Nearly a year after Summerson’s contract with Willekes’ logistics company ended, Willekes told FreightWaves he was contacted by another company “wanting to know where Summerson’s truck was” because he was late delivering his load.

“We said we have no clue, it’s not our truck,” Willekes said. “The company called us to see if we had any knowledge of his whereabouts, and that’s when we found out he had been arrested again for something.”

Clement Webb said she was unable to comment on the ongoing investigation.

What happened?

According to the grand jury indictment, which was unsealed in April, Summerson’s role was to recruit and coerce female victims into prostitution under Washington’s direction, as well as to extort money from victims’ families in the kidnapping-for-ransom scheme. 

Summerson allegedly held the female victims against their will, often physically assaulting them and transporting the victims across state lines, according to the affidavit.

If a victim refused to work as a prostitute for Washington, Summerson allegedly extorted or attempted to extort money from the victim’s family for her return. Court filings claim Summerson and Washington also collaborated on creating and maintaining an online account for ransom payments to be deposited.

The two truck drivers engaged in the kidnapping-for-ransom scheme from June 2019 until late January 2021, according to court documents filed in the U.S. District Court for the Western District of Tennessee.

Alleged victim’s mother contacts FBI

The FBI was first tipped off about Summerson’s possible involvement in the scheme on Jan. 28, 2020, after a woman in Memphis contacted the FBI, claiming her daughter, who lived in Georgia, had been kidnapped and was being held for ransom.

The woman told the FBI that she had received a video call from her daughter, who appeared to have physical injuries to her face, including bleeding, swelling and bruising, and stated that she had been kidnapped because her boyfriend allegedly owed money. The mother said she was told her daughter would be killed if she did not send $2,000 via CashApp as a ransom payment.

The mother was later moved into a conference room at the FBI office in Memphis, where she received another call from the video account demanding money for her daughter’s release. While at the FBI office, the mother received several Facebook Messenger calls stating that her daughter would not be released until she paid the ransom.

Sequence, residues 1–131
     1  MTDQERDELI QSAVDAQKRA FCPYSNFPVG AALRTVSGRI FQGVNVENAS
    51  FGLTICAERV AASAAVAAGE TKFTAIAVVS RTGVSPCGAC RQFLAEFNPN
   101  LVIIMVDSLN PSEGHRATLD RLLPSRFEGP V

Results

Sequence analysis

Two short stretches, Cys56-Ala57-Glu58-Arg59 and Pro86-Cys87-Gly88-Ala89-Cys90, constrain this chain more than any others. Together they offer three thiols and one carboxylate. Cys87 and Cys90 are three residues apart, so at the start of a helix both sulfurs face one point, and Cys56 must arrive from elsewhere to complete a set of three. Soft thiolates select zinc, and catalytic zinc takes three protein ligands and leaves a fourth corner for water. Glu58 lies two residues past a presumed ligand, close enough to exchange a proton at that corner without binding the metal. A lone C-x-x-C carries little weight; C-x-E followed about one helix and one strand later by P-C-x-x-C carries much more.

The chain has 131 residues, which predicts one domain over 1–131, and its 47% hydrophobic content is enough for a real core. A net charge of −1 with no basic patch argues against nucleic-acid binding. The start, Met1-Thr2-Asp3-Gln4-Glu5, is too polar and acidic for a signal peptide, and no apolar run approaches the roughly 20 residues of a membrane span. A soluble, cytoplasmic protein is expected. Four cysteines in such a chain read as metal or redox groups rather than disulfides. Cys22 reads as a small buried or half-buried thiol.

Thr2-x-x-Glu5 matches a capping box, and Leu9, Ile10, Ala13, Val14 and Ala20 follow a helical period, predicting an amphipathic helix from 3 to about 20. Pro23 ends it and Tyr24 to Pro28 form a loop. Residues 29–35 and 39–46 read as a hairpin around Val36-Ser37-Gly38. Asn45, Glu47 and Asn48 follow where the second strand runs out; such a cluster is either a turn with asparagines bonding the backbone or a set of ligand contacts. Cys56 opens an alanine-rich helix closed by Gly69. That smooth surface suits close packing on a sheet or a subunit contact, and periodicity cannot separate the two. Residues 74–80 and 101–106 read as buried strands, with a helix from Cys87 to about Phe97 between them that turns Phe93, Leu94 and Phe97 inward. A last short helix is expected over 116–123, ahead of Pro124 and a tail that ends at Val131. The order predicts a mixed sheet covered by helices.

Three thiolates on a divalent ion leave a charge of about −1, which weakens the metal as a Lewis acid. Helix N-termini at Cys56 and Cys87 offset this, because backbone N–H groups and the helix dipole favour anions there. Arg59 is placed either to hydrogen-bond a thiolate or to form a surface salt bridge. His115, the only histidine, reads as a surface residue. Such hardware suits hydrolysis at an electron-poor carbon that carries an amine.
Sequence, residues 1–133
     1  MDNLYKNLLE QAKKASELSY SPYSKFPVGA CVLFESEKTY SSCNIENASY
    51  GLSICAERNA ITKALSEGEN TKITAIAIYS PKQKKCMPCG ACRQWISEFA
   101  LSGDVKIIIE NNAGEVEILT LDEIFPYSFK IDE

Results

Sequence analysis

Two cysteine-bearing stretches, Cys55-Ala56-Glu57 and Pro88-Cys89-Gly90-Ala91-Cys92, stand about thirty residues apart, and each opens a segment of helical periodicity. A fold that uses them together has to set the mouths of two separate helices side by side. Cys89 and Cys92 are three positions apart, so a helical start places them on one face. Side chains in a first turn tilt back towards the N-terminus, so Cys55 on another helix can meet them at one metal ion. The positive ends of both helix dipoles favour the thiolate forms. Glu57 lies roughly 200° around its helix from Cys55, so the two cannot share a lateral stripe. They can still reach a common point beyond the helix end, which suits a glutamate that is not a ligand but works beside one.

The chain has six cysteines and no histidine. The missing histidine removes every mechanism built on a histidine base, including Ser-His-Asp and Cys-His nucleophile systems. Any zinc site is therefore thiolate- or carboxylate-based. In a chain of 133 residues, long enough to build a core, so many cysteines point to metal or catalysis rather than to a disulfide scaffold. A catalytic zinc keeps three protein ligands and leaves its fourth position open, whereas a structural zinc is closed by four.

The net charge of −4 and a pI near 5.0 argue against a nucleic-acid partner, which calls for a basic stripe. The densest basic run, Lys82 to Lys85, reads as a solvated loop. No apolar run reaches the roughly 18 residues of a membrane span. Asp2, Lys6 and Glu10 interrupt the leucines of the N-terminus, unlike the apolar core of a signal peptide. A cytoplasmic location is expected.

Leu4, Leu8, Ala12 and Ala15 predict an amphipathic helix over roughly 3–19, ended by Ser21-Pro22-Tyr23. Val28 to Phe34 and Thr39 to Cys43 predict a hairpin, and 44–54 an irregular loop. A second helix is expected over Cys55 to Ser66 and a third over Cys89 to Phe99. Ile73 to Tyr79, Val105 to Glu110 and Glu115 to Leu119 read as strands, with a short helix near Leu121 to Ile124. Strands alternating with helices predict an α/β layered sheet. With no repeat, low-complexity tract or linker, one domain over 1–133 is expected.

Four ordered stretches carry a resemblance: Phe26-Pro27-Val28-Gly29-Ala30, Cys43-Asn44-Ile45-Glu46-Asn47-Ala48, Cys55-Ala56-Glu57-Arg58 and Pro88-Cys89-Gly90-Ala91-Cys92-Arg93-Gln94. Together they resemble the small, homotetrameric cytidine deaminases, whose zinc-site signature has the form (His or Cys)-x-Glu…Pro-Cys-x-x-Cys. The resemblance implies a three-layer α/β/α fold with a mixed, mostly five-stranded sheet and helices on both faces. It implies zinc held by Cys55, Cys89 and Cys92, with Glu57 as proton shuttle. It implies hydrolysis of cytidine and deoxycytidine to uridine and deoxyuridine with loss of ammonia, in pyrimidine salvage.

Court filings state that the victim’s mother attempted to acquire the ransom but was only able to send $100. She then asked how much money was needed for her daughter to be released and was told $900, but the amount would go back up to $2,000 if she “lied” again about having the money. 

The FBI requested subscriber information from CashApp, which eventually revealed that the phone number and email address associated with the account belonged to Summerson. His cell phone service provider then pinged Summerson’s truck being parked in a business parking lot in Florence, South Carolina. 

During a wellness check on Summerson at the request of the FBI, which was conducted by the Florence County Sheriff’s Office, deputies heard a female screaming “that she had been kidnapped” from inside a black tractor-trailer. She was taken to a nearby hospital for evaluation, according to court documents.

A search of Summerson’s cell phone revealed the possibility of other victims after more women came forward in Maryland and New Jersey.

One Comment

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Clarissa Hawes

Clarissa has covered all aspects of the trucking industry for 14 years. She is an award-winning journalist known for her investigative and business reporting. Before joining FreightWaves, she wrote for Land Line Magazine and If you have a news tip or story idea, send her an email to [email protected].